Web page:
The field of medicine is filled with many different specialties and subspecialties. This can make understanding the many types of physicians that exist more difficult. Today, we’ll focus on a more obscure type of physician: an allergist. So, what is an allergist? Continue reading for a brief overview of this subspecialty and why you should consider becoming one!
What is an Allergist?
Let’s start with the basics. An allergist is a physician who specializes in the prevention, diagnosis, management, and treatment of allergic disease. In addition to allergies, allergists also treat patients with asthma and other diseases of the immune system. Allergists take detailed patient histories. This includes information regarding a patient’s symptoms, such as family history and home and work environments. It is also common for allergists to perform skin testing and other diagnostic tests. Allergists are sometimes called immunologists. However, there are a few minor differences between the two.
Necessary Skills for an Allergist
Allergists need to be great communicators. They need to be able to obtain relevant information from patients in order to identify a diagnosis. After determining the problem, an allergist needs to effectively explain the condition and treatment options to their patients. Whether they’re diagnosing cases or working on specific treatment plans, allergists need to be problem solvers. They must rule out several possibilities before they can identify an accurate diagnosis or treatment. This process is not always quick. Sometimes, it can take months. Therefore, one of the most important characteristics of an allergist is patience.
Educational Requirements for Allergists
Now that we’ve answered the question of “What is an Allergist?”, let’s discuss the process of becoming one. Allergists need to complete 4 years of premedical education. After this, they must also complete at least 4 years of medical school in order to become a doctor of medicine (MD) or doctor of osteopathy (DO). The schedule of a typical premedical student consists of undergraduate classes such as biology, mathematics, physics, and inorganic and organic chemistry, anatomy, biochemistry, physiology, pharmacology, psychology, microbiology, pathology, medical ethics, and classes in medical law. Students will also learn how to perform medical histories, examinations, and diagnoses.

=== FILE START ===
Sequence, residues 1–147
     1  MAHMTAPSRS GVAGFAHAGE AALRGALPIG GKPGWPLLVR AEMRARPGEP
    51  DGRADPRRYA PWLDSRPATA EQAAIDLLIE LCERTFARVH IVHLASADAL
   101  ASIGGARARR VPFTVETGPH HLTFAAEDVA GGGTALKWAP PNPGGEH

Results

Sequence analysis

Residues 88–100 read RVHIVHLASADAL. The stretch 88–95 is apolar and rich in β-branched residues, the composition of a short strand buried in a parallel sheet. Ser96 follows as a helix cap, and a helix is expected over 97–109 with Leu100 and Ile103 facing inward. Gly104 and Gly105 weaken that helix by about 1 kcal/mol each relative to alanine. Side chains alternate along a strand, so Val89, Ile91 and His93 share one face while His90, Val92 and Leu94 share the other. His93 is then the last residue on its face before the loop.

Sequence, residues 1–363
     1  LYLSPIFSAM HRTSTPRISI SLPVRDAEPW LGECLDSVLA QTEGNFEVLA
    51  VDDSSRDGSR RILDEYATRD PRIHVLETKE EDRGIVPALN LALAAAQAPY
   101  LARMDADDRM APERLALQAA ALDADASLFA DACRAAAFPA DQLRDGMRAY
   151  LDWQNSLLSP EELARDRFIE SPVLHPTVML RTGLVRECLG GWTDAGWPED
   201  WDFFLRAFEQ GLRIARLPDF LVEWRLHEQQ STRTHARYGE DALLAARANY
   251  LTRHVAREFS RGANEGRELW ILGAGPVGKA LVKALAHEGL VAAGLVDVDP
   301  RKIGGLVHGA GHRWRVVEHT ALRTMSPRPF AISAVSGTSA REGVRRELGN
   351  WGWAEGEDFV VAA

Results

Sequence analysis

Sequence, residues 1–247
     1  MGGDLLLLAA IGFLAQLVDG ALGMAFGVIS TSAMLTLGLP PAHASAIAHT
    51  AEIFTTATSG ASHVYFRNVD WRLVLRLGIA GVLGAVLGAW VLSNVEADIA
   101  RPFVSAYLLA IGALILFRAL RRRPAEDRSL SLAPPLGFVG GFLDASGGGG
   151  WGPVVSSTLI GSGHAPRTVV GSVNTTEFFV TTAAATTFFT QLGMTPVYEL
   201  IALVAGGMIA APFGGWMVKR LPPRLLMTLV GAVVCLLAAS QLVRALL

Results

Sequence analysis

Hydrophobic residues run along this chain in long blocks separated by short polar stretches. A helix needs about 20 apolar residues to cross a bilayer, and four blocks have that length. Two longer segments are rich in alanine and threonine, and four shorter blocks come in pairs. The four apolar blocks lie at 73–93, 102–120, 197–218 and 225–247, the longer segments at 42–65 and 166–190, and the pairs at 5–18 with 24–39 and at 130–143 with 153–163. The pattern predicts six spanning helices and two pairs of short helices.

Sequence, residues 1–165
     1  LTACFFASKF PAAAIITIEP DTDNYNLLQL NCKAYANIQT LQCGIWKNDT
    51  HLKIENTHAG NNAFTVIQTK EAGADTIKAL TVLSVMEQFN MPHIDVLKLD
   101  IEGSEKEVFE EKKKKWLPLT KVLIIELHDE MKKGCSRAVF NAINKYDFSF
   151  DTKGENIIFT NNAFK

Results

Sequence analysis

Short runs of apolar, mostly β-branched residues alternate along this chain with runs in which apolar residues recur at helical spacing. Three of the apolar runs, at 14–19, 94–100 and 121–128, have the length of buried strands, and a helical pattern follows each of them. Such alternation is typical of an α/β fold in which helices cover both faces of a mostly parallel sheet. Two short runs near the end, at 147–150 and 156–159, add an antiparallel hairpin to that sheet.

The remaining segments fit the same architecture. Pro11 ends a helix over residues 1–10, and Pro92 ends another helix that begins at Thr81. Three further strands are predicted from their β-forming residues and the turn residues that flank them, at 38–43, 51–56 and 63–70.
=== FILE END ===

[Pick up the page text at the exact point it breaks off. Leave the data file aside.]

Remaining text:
Towards the end of medical school, students will begin to care for patients. A group of experienced physicians will oversee this care. Hands-on experience allows medical students to better learn acute, chronic, preventive, and rehabilitative care.
After medical school, an aspiring allergist must complete 3 years of additional training in either internal medicine or pediatrics. Once their residency is complete, they must pass the examination of either the American Board of Internal Medicine (ABIM) or the American Board of Pediatrics (ABP).
American Board of Allergy and Immunology Certification
One of the final steps in the process of becoming an allergist is to complete at least two years of study in an allergy training program. This period of study is commonly referred to as a fellowship. In order to be officially certified, allergists must pass an examination administered by the American Board of Allergy and Immunology at the end of their fellowship.
Becoming an allergist is a very rewarding career move. In addition to helping patients overcome their ailments, allergists enjoy great benefits and pay. The average annual salary for this subspecialty is about $295,862. This figure has grown since 2018. The salary potential for allergists is also very favorable. Experts expect this field to see a 16% increase in salary over the next five years. This will bring the average annual salary up to $342,986!
Do you have any questions about what an allergist is or how to become one? Let us know in the comments below!